[tahoe-dev] Using a cipher cascade

David-Sarah Hopwood david-sarah at jacaranda.org
Tue Jan 5 06:28:58 UTC 2010


David-Sarah Hopwood wrote:
> David-Sarah Hopwood wrote:
>> The approach I would suggest is to derive the encryption key for a given
>> algorithm using a hash-based KDF (for example HKDF) with the following
>> inputs:
>> 
>>   tag:         separates this from other uses of the KDF,
>>                  and mutable from immutable
>>   algorithm:   separates AES, Salsa20, etc.
>>   fork_id:     can be used to separate forks of the file from each other,
>>                  e.g. for deep-verify caps or encrypted metadata
>>   version_id:  version of a mutable file
>>   block_num:   block number of a mutable file, to support random access
> 
> Actually it's unnecessary, when using modes without chaining (such as
> AES CTR and Salsa), to include the block number. Including the version
> number is sufficient to securely allow random access updates.

But then you would have to include information about which parts of
the file had been updated, and that information would be leaked to
an attacker who can observe the ciphertext before and after the update.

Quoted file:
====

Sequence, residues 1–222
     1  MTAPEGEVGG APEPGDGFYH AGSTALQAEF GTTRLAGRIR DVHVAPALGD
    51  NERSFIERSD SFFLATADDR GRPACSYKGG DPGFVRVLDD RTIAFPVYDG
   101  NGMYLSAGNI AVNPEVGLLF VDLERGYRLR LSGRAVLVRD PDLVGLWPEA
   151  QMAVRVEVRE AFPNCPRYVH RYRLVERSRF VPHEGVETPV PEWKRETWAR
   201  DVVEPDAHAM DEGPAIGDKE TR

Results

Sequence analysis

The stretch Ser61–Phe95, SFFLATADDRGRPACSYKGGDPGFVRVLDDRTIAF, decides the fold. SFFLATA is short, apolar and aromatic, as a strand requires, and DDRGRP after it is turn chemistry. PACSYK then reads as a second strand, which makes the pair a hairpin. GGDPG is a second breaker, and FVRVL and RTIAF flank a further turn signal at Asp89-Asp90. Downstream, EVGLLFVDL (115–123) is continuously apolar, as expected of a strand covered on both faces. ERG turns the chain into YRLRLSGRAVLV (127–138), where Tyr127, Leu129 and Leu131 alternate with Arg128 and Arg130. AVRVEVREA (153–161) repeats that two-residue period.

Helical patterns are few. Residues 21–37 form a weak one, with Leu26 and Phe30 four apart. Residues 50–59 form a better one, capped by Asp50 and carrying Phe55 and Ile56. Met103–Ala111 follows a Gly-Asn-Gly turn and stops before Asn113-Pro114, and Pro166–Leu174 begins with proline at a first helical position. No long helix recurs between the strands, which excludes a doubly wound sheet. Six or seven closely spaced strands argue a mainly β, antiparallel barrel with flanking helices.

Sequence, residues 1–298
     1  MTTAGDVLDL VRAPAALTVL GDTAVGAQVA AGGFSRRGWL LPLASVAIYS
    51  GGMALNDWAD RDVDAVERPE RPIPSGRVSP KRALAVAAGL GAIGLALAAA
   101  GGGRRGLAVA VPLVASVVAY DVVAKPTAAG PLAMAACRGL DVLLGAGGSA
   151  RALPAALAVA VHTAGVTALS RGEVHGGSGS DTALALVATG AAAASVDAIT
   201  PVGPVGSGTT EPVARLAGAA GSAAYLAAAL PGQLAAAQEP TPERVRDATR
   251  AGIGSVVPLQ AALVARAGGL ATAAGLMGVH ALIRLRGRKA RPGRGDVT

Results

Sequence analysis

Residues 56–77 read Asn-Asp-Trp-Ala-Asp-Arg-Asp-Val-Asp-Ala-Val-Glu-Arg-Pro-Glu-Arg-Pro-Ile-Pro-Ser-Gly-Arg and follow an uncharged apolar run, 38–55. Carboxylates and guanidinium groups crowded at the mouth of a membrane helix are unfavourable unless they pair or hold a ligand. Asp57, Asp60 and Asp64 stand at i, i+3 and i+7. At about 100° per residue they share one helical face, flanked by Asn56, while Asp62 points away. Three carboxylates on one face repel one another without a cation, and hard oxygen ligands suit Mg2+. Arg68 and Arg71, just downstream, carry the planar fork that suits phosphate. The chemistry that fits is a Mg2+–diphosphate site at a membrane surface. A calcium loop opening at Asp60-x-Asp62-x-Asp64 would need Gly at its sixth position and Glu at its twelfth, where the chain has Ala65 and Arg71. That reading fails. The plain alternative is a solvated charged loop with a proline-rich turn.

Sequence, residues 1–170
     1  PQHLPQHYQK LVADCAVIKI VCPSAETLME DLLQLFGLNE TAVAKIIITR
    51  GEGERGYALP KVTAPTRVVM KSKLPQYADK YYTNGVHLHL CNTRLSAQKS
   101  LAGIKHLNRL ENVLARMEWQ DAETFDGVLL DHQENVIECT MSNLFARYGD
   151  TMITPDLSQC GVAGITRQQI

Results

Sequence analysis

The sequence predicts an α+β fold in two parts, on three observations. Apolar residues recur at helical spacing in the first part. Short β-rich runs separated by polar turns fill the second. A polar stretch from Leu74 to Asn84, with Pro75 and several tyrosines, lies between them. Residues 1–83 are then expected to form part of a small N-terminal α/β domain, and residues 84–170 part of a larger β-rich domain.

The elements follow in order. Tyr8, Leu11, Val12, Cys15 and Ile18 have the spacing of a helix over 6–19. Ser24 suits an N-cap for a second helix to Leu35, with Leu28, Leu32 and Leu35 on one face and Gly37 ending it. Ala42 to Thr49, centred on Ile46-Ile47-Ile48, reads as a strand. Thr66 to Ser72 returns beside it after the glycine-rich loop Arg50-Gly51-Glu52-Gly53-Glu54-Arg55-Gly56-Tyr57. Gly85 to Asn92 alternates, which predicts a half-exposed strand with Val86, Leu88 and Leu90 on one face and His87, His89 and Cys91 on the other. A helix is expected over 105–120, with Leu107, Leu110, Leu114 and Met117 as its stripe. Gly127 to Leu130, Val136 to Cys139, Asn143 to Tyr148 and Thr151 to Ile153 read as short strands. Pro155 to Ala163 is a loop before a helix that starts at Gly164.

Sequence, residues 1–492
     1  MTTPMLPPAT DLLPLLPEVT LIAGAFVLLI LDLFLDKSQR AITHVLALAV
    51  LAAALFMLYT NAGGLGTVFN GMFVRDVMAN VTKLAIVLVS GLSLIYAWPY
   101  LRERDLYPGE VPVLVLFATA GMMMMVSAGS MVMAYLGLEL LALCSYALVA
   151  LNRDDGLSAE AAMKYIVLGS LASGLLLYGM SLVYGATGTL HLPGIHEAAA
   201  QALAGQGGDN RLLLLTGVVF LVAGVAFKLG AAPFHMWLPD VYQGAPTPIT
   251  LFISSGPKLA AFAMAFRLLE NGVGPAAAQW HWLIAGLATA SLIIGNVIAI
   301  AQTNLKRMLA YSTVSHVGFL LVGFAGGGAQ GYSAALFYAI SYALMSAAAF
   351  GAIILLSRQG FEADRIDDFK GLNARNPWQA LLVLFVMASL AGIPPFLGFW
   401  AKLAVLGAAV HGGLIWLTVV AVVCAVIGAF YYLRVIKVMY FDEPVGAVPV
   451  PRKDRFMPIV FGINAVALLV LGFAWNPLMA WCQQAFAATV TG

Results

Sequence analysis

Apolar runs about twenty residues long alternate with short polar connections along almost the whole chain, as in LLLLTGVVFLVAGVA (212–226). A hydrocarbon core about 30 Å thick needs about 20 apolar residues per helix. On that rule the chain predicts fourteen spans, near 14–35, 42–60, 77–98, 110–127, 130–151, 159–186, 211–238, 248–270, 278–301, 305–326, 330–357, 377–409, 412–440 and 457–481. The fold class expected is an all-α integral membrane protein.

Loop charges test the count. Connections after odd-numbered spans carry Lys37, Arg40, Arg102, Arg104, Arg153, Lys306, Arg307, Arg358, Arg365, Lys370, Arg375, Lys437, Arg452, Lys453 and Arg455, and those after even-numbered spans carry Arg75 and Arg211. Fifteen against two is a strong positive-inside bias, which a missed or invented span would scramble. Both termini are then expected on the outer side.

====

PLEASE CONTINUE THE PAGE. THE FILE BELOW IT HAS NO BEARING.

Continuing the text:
I'm not sure how to avoid that.

>> >   UEB:         the contents of the URL extension block
>> >   read_secret: the secret value (e.g. K1 in Elk Point)

David-Sarah Hopwood wrote:
> David-Sarah Hopwood wrote:
>> Note that with this approach, the extended nonce in XSalsa
>> (http://cr.yp.to/snuffle/xsalsa-20081128.pdf) isn't really necessary.
>> Using plain Salsa20/20 (even with a zero nonce, or by deriving the
>> nonce in the same way as the key), might reduce implementation complexity.
> 
> Deriving the nonce in the same way as the key (and similarly the IV for
> AES CTR mode) is better. This can only help against cryptanalytic attacks,

For Salsa, it's equivalent to using a 320-bit key.

> and is almost free in terms of performance and implementation complexity.

-- 
David-Sarah Hopwood  ⚥  http://davidsarah.livejournal.com

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